“It’s interesting how things change. In 2006, I had great sales, and then it fell off after the economic crash in 2008,” said Cooney. “Then it went back up. This year it feels like the customer base really has changed. The people that are coming through Belfast aren’t necessarily buying art … our art walks have dropped off. I don’t know if that’s a microcosm of Maine or if it’s a Belfast thing, but it’s definitely changed.”
The whims of the art-buying public can sometimes be so capricious that artists have no choice but to fold. Cooney’s neighbor in Belfast, photographer Charles Dufour, closed his gallery this fall after sales fell to an unsustainable level. Randy Colbath, a Howland-based artist who creates imaginative sculptures out of Maine wood, decided to leave the state he has called home all his life and move to Florida, where the market is stronger.
“I don’t think I could ever make enough money in this area to sustain myself,” said Colbath. “I’ve been traveling all over New England and the New York City metropolitan area doing art fairs for the last couple of years, traveling too far for too little.”
Gorham-based couple Barry and Karen Dodd — who write, direct and produce with several collaborators the Maine-made Web series “Ragged Isle” — have received plenty of accolades for their work. Its third and final season premieres online on Halloween of this year. Last year they launched a website called The Entertainment Experiment, a forum for Maine-based digital storytellers to showcase their work.
To make it all work, however, they’ve had to tap their own finances.
“We’ve stretched our pocketbooks as far as they can go to make our first series,” said Barry Dodd, a Waldo County native and New England School of Communications graduate. “There are always crowd funding opportunities but that’s hardly a sustainable business model, and it’s tough to keep going back to the fans to beg for money.”
Even with a day job — Cooney is the swim coach at the Waldo County YMCA, Colbath worked as a marine engineer, both the Dodds work as editors and producers — it is hard to make art and maintain a studio.
“Most of us work other jobs. That’s just the reality. Some people teach their art, some don’t work in their fields at all,” said Cooney. “But almost everyone has to do something else. My husband works too … I worry that studio rent will go up, and the market will dry up, and I don’t know where we’ll be.”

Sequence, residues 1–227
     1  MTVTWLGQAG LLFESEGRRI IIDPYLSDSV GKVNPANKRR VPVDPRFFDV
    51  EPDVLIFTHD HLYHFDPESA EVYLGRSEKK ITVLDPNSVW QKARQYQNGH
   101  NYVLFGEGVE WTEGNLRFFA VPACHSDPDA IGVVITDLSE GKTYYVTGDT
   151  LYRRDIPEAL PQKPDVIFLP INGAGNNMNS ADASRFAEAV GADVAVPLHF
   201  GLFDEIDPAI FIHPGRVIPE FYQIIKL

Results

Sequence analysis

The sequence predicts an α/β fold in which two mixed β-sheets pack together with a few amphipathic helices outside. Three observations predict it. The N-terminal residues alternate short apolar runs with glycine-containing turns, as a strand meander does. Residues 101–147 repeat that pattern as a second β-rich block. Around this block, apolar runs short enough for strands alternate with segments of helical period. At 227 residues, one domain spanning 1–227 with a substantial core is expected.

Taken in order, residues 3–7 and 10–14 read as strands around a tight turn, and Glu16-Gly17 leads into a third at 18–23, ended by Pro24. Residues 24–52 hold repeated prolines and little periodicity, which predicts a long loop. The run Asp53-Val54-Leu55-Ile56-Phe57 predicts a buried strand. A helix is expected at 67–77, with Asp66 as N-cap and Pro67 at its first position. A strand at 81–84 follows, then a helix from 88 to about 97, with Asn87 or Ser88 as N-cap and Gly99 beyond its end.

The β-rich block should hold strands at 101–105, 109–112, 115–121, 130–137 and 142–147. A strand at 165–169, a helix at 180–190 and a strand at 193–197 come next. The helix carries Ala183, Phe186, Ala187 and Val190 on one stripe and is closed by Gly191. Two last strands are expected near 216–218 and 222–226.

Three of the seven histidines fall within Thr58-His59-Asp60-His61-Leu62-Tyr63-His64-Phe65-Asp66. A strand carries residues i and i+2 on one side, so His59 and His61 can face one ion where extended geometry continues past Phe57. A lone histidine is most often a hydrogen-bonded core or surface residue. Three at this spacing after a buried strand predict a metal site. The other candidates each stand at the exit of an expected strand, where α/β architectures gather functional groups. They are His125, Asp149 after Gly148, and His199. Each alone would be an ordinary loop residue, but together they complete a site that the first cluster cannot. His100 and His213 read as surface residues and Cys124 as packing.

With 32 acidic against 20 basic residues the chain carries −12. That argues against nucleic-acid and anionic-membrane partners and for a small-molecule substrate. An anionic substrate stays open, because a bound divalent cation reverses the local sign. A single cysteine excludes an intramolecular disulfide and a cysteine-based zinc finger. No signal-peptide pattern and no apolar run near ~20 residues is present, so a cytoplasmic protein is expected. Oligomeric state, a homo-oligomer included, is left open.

Hollander believes that while some challenges Maine artists face are unique — the seasonality, the rural isolation some may experience — the majority of the difficulties could be found by artists anywhere.
Selling enough art to make a living appears to be the largest stumbling block to artists of any stripe.
“I think the biggest thing is that we need to get people to think about buying art,” said Hollander. “There are not a lot of collectors of contemporary work in Maine. I hope that will change. I think things like First Friday [Art Walk] in Portland are breeding people that value the creative economy and artists of all kinds. I think things like Buy Local have made people think about where their food comes from — why can’t we do the same thing with art?”
It also behooves artists to become skilled beyond their craft: Marketing, networking, knowledge of tax code and other business skills are crucial to making creativity a viable source of income.
“You’ve got to be able to market yourself, make your own videos, be your own boss. You can’t do it without being able to do a lot of different things,” said Capaldi. “You have to have some kind of business sense.”
Maine College of Art offers workshops and training sessions in marketing, grant writing, contract law and other areas for its students. Groups such as the Etsy Maine Team have formed to promote Maine-made crafters and artisans, while festivals like the Portland Fringe Festival, held each June, offer opportunities to see Maine-based theater and performance groups and allow the artists within those groups to network.
“It’s complicated,” said Capaldi. “But it’s one hell of a life.”